“Howard wants to go to the hospital. He knows he isn’t doing that great. He says he is having homicidal thoughts.” This from my supervisor, Linda.
Homicidal thoughts on the part of any client get our attention, especially so with Howard, because years before, he killed a man with a gun. I believe it was in a fight.
“He wants you to take him to the hospital, Ray.”
“Sure,” I say. “You think you can go with us?” The hospital is only about two miles away, but I want Linda with me because she is much more experienced in the process of getting a client admitted to the psych unit.
She goes off to gather up the necessary background information. Soon she is back and tells me.
“Howard wants only you to go.”
I find this odd.
I know Howard likes me, he’s known me a while. I get on well with him, but just me? I wonder why. I can do it, of course, but I know it will be so much quicker and trouble-free if Linda is along. Howard comes into my office.
“The hospital admission will go much quicker if Linda comes along,” I tell him. Linda is standing nearby.
“Works for me,” he says. That has to be Howard’s all-time favorite expression.
He seems at baseline.
Howard is a big teddy bear of a man. He usually is good-natured. He is in his late 40s and has abundant gray hair. He is generous to a fault. He is easily separated from his money and frequently taken advantage of. I can see that he is upset, but not psychotic.
“I haven’t slept in days,” he tells me, “and I am convinced my landlord has killed my girlfriend. So I feel the need to kill him,” His exact words.
Howard lives in a rooming house, a flophouse, and the landlord often takes advantage of him. He uses him to do work around the place, making repairs but pays him nothing. Howard says he doesn’t mind, he stays busy, and he likes to be busy. But on some level, I sense Howard feels used. Surely he would not refuse a few bucks thrown his way for the help he gives his landlord.
Our agency handles Howard’s money, and every Monday, he gets $80, and then $20 more on Friday. From this, he is expected to buy his food and take care of personal needs. Other expenses, like rent, are paid directly to the vendor.
Howard is a cutter, uses a knife on himself, often cutting in his midsection. He takes medication for this problem, and without looking at his chart, I cannot tell you what the condition is called. It has a name — everything does.
He mentions his landlord killing his girlfriend, and I gently explore this delusion with him.
“I didn’t know about this relationship, this girlfriend you mentioned. What’s her name?”
“Oh, I don’t know,” he says, as if everyone has a girlfriend whose name they don’t know. I remember Howard coming to me three months earlier telling me he had met the woman of his dreams, the woman he was going to marry. He didn’t know her name, either. He said he would soon be giving up his room and moving in with her. Of course, that didn’t happen.
“Her car is in front of her building,” he says next. “It hasn’t moved in days. Roger killed her, I am sure of it, and I will have to kill him.”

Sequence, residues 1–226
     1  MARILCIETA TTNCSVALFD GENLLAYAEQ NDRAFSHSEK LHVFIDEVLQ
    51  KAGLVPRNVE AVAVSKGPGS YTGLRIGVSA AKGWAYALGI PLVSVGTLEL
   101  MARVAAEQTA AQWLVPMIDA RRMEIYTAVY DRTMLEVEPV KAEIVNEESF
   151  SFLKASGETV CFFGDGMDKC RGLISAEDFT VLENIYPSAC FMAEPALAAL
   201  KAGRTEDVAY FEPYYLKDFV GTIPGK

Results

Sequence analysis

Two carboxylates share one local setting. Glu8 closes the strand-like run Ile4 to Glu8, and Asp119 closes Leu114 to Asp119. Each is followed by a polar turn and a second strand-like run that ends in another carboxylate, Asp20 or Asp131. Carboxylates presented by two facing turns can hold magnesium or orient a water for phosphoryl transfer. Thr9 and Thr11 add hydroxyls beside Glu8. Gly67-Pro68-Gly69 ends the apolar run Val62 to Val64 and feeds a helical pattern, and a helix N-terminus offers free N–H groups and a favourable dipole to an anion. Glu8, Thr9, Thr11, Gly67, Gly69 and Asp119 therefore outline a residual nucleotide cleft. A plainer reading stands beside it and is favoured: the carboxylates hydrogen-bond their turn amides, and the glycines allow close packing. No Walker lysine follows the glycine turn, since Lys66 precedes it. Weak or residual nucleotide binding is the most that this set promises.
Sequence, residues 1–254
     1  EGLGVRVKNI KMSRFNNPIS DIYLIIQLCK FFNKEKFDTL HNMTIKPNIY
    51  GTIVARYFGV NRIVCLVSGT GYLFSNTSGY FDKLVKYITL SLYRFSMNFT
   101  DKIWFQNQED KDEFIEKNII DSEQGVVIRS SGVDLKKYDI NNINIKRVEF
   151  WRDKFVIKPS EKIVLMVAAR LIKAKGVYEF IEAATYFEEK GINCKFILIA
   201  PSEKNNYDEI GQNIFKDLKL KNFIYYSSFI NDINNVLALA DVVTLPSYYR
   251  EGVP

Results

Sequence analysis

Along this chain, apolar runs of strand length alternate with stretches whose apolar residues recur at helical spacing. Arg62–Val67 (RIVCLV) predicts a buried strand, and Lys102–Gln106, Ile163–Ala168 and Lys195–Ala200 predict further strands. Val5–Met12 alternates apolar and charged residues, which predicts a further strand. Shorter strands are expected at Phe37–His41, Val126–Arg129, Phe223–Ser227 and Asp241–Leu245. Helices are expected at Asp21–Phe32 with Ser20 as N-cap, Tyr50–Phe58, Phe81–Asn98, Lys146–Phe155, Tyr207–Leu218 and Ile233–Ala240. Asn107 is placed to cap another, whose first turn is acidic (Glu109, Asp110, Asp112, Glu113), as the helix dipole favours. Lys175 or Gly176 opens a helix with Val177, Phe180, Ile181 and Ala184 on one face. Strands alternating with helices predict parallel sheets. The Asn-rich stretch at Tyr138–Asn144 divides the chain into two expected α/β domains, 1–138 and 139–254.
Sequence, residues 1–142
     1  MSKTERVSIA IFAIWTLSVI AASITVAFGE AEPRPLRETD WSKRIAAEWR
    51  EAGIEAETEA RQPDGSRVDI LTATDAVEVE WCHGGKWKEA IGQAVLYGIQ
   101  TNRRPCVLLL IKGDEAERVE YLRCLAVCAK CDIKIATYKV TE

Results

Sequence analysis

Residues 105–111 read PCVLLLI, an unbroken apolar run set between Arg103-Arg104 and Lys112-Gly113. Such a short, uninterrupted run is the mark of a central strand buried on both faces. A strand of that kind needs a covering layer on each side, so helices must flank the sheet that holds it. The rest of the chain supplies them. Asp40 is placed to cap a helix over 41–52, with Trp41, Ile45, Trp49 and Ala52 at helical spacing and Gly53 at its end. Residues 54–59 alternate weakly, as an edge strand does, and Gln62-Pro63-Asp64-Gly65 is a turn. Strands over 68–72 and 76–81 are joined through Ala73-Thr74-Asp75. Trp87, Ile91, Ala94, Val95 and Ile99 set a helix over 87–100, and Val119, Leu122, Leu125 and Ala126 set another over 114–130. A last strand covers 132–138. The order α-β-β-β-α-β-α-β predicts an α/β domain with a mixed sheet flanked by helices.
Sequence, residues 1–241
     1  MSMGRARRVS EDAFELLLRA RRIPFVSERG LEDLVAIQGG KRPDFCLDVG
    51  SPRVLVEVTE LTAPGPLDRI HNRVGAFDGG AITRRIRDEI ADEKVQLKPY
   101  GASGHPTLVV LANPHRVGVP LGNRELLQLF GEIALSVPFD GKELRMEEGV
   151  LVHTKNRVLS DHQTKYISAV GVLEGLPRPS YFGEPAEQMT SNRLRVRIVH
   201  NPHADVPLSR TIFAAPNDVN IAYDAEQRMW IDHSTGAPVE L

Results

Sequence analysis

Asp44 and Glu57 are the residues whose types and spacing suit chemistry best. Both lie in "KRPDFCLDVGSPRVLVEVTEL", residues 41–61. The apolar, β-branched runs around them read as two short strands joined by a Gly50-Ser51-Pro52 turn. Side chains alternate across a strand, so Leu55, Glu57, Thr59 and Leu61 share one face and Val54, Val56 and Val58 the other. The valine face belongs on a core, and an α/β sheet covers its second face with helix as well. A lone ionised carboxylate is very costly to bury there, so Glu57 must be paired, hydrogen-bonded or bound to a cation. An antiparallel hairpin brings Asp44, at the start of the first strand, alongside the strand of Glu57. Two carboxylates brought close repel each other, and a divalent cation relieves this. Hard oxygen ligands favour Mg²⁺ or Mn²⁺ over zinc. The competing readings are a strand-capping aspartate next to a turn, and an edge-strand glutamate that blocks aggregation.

By now, we are in my car headed for the hospital. Howard is next to me in the front seat, and Linda is in the back, taking notes on Howard’s behavior, I see her in the mirror. It is Information to be presented to the doctor at admissions.
As if Linda were not in the car, Howard says, “I didn’t want to go with Linda because I was afraid I would harm her.” He doesn’t explain why.
I feign surprise at what he has said, after a bit of a silence. “Linda? Harm her? You wouldn’t do that, Howard!”
He doesn’t argue the point, and I don’t pursue the topic.
“Ray, please don’t tell Roger I want to kill him.”
“I know you don’t mean that either, Howard. It’s your illness talking, not you. No, I won’t say anything to Roger.”
I must under law warn Roger, or anyone else Howard threatens.
Next, he speaks of moving, as if he knows Roger will have to be told eventually, and he won’t like what he hears, and won’t want to have Howard around anymore.
“Will you help me pack when I get out?” he asks me.
“Sure, Howard. No problem.”
We are now at the emergency psychiatric section of University Hospital. Howard is more settled, less menacing, and he enters the facility with Linda. I very quickly found a parking place. I don’t like leaving him alone with Linda, except they are not really alone now. Security people abound at the entrance to the hospital. I know she will be all right as I go to park, and she is.
Once inside, I sit in the waiting room with Howard. Linda is off to facilitate the admission.
Howard talks more about wishing to kill Roger.
“Is it my illness talking, as you said before?” he asks.
“It is,” I tell him. “Roger didn’t do anything to you, and nobody killed your girlfriend.” I don’t say what I am thinking, your imaginary girlfriend.
A guard escorts Howard to the psychiatric wing. This is not a new experience for Howard; he shows no fear. Soon Linda and I get to leave, go back to our offices. She reminds me, as I knew she would, that Roger needs to be warned about Howard’s threats. Then she offers to do this for me, to call Roger.
“Works for me,” I say with a grin.
Raymond Abbott is a social worker and novelist.
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